Studies show that flood is the most expensive of all natural hazards, costing companies an average of US$6 billion in insured losses annually—yet most flood loss is both predictable and preventable.
Our world's climate is changing, and some weather patterns are shifting. Property loss from natural catastrophes has been, and will continue to be, ever more costly, due to the rise in world population, a rise in value at risk, the increasing vulnerability due to globalization of business and growth of outsourcing, and the rapid development of emerging markets which are less resilient.
More businesses are questioning if they're doing enough to prepare for and adapt to these catastrophes. FM Global constantly evaluates the implications of natural catastrophes and develops innovative methods and practical engineering solutions to improve its clients' resilience to business interruption and mitigate potential property loss.
But just how should businesses plan to stem the rising tide? The obvious response is to locate in an area far from low-lying river, coastal or other flood-prone areas. If that isn't possible, however, there are some proactive steps businesses can take to reduce their risk of potential flood damage and business interruption.
Stuart Ulsh, a senior engineering specialist at FM Global and flood hazard expert, acknowledges that flood preparation and awareness is key. "Facilities located within high-hazard flood zones will eventually experience major flooding. In addition, we have always recommended that clients not build in moderate-hazard (500-year flood-exposed) areas. Building codes and regulations are now calling for critical infrastructure occupancies, such as utilities, emergency services, schools and hospitals, to build higher or protect against the 500-year flood level."
Nearly one in 10 commercial facilities are already located within a flood zone, and the best loss prevention practice for these properties is unremitting vigilance. Facilities at risk for flooding must prepare well in advance to keep water out of business-critical areas, and limit downtime and service interruptions. Smart businesses have a clear plan for what they will do when flooding is imminent, including choosing the best location for their flood barriers, sealing walls and floors, and providing flood pumps and other mitigation equipment that will help maintain business continuity.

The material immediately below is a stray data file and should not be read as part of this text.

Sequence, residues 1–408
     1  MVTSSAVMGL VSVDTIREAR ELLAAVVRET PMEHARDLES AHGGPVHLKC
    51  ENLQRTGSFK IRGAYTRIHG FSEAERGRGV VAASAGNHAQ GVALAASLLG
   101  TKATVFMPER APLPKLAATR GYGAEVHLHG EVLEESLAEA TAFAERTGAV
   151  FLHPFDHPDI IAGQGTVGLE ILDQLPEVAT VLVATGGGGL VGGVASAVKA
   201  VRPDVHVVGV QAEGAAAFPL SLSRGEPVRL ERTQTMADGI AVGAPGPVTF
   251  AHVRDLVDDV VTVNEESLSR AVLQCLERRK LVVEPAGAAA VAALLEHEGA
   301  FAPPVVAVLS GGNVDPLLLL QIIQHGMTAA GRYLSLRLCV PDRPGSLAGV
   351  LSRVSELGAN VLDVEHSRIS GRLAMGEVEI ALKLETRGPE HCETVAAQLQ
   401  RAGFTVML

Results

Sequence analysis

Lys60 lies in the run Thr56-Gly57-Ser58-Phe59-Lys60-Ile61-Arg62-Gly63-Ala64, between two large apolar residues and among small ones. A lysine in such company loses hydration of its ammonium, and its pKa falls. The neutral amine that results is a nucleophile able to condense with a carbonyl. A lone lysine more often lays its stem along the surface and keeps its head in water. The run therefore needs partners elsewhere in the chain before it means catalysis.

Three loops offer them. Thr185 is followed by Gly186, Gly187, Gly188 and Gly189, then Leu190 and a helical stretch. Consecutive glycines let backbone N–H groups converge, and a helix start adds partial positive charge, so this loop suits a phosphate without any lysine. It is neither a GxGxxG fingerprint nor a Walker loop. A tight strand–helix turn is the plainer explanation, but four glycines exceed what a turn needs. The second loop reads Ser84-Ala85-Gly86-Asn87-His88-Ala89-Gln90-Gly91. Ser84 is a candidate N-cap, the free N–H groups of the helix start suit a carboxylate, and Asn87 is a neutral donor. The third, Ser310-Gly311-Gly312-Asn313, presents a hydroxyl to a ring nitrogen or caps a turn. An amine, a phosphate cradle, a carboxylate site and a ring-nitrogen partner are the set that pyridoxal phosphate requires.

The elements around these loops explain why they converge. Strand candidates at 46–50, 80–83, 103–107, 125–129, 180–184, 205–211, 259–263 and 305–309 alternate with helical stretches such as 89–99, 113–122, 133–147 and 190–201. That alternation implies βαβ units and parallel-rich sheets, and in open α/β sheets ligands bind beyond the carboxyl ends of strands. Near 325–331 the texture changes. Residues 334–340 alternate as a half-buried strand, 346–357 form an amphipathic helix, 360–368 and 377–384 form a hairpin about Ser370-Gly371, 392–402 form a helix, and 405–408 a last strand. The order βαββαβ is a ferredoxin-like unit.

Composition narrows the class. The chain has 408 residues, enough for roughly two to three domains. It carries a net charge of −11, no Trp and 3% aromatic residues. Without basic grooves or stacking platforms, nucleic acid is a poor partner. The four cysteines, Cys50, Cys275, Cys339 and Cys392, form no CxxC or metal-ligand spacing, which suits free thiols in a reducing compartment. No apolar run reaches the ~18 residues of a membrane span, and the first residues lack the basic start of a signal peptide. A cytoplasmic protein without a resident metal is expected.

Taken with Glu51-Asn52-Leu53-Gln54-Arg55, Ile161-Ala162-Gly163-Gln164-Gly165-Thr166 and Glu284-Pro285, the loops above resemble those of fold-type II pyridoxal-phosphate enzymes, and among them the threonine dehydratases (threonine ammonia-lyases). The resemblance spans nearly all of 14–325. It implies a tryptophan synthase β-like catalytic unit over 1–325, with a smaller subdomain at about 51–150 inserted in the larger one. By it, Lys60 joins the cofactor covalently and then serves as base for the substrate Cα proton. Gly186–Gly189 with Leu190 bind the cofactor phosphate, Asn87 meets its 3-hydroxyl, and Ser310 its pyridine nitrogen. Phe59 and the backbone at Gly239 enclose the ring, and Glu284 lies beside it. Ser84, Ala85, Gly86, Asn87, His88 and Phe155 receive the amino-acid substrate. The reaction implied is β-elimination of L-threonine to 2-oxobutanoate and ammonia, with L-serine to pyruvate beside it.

Among the preparations businesses can take to reduce the impact of flood, Ulsh recommends permanently moving all electrical, computer and telecommunications equipment safely out of low-lying interior and outside areas to settings above the flood level. He also suggests using sump pumps and backflow valves to handle water seepage and prevent drains and sewers from allowing water to enter a flood-protected area; relocating high-value stock and equipment; and installing permanent or temporary barriers to protect buildings against flood waters.
"While a business can't prevent a flood from occurring, it can enhance its resilience by getting its property ready for whatever precipitation extremes it's likely to experience," says Ulsh. "This can't happen, however, if a sufficient contingency plan is not in place. Without one, buildings, machinery, data centers, transportation networks, supply chains, employees and customers are all at risk."
Raising the bar in flood mapping
As the number of extreme flood losses continues to rise, the task of accurately evaluating flood risk and recommending appropriate mitigation strategies, products and services is gaining momentum.
Local flood maps are available in many countries covering major urban communities. These maps focus primarily on highlighting high-hazard flood zones—those greatest at risk of flood from rivers and seas.
To help businesses worldwide expand into areas where information on flood potential is lacking, FM Global's researchers recently developed global flood maps to aid in making more informed choices on how to best keep flood waters at bay. Technological improvements in data acquisition have made it possible for global flood maps to be generated with more ease than ever.